Interviewer: Did the, did the op-ed piece really turn the tide for you?
Barkelew: I think it was one of those I don’t know that anything turned the tide. I think that what happens is that you simply have to ride some things out. You are not going to. I mean there is no way. Look at the stories in the papers today, 20 years later. It is still an issue that is a divisive issue and that part of the social agenda I don’t think it is going to change until people learn a new language.
Interviewer: Well let’s move into 1987. At that time, you directed all the PR support that really helped defeat an attempted hostile takeover at Dayton Hudson. Now Arthur Page once said that “All business in a democratic society begins with public permission and exists by public approval.” I don’t know if you actually thought about that statement but would, could that statement I mean did it affect your approach in any decisions? Did you think about any of the Page Principles and the kinds of things that Arthur Page stood for at that time when you were going through that takeover? And what was your strategy in working with the corporate lawyers, because their first instinct would be to probably not say anything, or as little as possible to the media. And that would be counter, probably to what you would be willing to do. So how did you handle that?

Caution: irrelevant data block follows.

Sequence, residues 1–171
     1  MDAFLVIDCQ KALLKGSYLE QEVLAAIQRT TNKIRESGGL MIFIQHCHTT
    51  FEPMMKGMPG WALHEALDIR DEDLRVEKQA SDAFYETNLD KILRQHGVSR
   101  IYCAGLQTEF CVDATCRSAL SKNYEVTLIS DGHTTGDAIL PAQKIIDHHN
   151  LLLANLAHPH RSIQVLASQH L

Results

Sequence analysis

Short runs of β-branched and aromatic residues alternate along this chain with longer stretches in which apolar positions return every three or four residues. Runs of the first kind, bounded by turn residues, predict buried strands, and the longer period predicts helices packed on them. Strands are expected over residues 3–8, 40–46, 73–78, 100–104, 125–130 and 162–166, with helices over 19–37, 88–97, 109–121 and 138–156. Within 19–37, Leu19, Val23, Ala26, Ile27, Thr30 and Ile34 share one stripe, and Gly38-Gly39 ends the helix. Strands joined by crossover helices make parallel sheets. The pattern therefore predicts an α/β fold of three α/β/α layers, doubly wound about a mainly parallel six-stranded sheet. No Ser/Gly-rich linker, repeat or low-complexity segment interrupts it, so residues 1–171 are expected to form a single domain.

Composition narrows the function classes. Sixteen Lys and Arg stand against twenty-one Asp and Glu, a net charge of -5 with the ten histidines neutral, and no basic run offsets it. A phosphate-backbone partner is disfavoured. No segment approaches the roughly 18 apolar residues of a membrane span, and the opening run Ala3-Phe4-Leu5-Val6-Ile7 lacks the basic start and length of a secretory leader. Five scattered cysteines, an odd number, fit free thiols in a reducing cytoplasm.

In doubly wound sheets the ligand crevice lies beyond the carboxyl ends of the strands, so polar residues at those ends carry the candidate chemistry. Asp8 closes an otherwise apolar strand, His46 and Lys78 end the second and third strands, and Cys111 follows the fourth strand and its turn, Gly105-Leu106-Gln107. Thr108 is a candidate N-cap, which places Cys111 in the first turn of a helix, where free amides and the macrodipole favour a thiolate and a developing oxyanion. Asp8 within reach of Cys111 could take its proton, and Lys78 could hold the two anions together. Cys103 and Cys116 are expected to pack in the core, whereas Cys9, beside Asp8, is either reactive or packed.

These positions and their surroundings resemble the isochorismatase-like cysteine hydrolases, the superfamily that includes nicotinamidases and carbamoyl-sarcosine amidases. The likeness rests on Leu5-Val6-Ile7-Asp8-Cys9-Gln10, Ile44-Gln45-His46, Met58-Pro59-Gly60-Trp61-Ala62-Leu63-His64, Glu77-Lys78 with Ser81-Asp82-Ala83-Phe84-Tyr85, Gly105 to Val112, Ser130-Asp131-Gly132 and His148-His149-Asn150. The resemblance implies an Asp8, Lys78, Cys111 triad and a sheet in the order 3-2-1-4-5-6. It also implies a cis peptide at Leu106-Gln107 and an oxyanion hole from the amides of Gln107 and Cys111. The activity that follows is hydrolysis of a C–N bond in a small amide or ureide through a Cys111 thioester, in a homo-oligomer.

Barkelew: It was a very interesting time. And I was not yet a member of the Page Society. So I didn’t really know about the Page Principles. But being aware of the public and behaving like the public was the most important organization or group that is your responsibility, that’s how we did business all the time. I mean, we were a customer-oriented business. And we, that’s why we gave to the communities where we did business long before the company was a public company. There was a belief that you had to be sure the communities where you did business were healthy and so you gave back. And that was, that gave people a reason to shop in your stores, but you listened to customers, you understood what was important to them. So when we learned, the day we learned when someone was beginning to accumulate shares of our stock, now this is right after we’ve been named the best-managed corporation in America by the University of Southern California, and the general thought was that the only companies that people went after, were companies that were poorly managed or you know had some sort of issue to deal with and that someone thought they could do it better. And so this was quite a surprise. We had another thing going for us and that was we were a Minnesota incorporated company. Unlike many companies that are all incorporated in Delaware, we were incorporated in the state of Minnesota, so we were governed by Minnesota law. So as we sat down and thought to ourselves well, about, I don’t know 60 percent of our stock changed hands in the course of a couple of weeks time, and so we knew that there’s something going on and everyone is trying to track the stock but as always the most valuable source to us is the media because they have all these sources and they would call us and tell us who they had heard it was that was buying our stock. We met as a group. The CEO convened a group of his top advisors and we brought in our outside advisors. And we looked at all of our options, and we decided that the best option, because we had always been so community focused, concerned about our employees, concerned about where we did business, was not to do a knee jerk reaction kind of thing but to very thoughtfully go to the state of Minnesota and say “Let’s look at the law.” “Let’s see, we didn’t’ think it was right. The people that were identified as accumulating our stock were Greenmailers. They were people that would come in and they would they would say. They didn’t really have a lot of money but they would they could get enough money that they could buy a company and then they would come in and break it up and sell it off. Or they would convince you to pay them so much for all their shares that they would ‘greenmail’ you into getting rid of them. Well we didn’t like that. That’s not how we did business. And so we said, “let’s look at the laws.” If someone has good money and wants to buy this company, then you have some fiduciary duties that you can’t ignore, but we don’t think it’s right that you have, that you can come in and break up our company and sell it off. So we decided that’s the way we were going to go and thus began what we refer to as Seven days in June. And it was a seven-day program that started with a visit to the governor, and who famously said on television that when the CEO called and said I have to meet with you this evening. He said to his wife, “Have you overcharged at Dayton’s?” But at that point in time, we drew up ads to run in newspapers statewide, we commissioned a poll of people in Minnesota to find out if they thought that changing the law, strengthening the law, to prevent people coming in and breaking or busting up companies. We had a slogan that said, “I like Dayton Hudson whole not halved,” because the people were coming after us with halves. And so we launched a seven-day campaign to convince the people of Minnesota that the governor should call a special session and change the law to prevent people from coming in without good money. And so, that was what we learned in the survey of the people of Minnesota, was they all agreed that something should be done. But we had thought it should be because of all the money that we have given or all the contributions we had made. What we found was the people of Minnesota said, “Yes do something for them because they have this wonderful liberal return policy,” and they’ve trusted us all these years, they never asked for a receipt, or they had taken it back if we said we bought it there. So, and that was the tipping point that made it safe for the legislators to agree to have a special session. And so that was the program and it was the most covered story in the United States, because we were fighting a hostile takeover threat, because so much stock had traded hands and because these people were sort of colorful. And they owned Crown Books, which was a discount bookstore and at the time we owned B. Dalton Bookseller, which was now what you know today as Barnes & Noble. But it was probably, it was, if we could go back and do it over again, there are lots of things we would do over again and one of them was how to deal with lawyers. Because this is something in one of our meetings my CEO said, “have any of you ever done this before?” And we all said no. We’ve never been through this kind of thing before, so when you have investment bankers and lawyers and everyone telling you, you can’t say this; you can’t say that; you can’t say this. And we kept saying, but we can respond to the media. We can put out news releases, why can’t we communicate with our employees? But perfect lawyers don’t’ like paper. And so they, they would discourage that. We did a lot of presentations after it was over saying if we could do this again, what would we do differently? And the number one thing is that we would have communicated more quickly with our own employees and I think the turning point was the day that the CEO said “Just tell the lawyers and the bankers to back off, because I’m the captain of the ship, and we’re going to start calling the signals here.” And it was it was an incredible experience for a company. The leadership of a company to go through a threat to the company, not just the way you’ve always had it, but something you believe in. Now the interesting thing with the law is that it was the first time that a law was passed that said that a corporation had to pay attention to its communities where it did business and to its employees and not just to shareholders. So…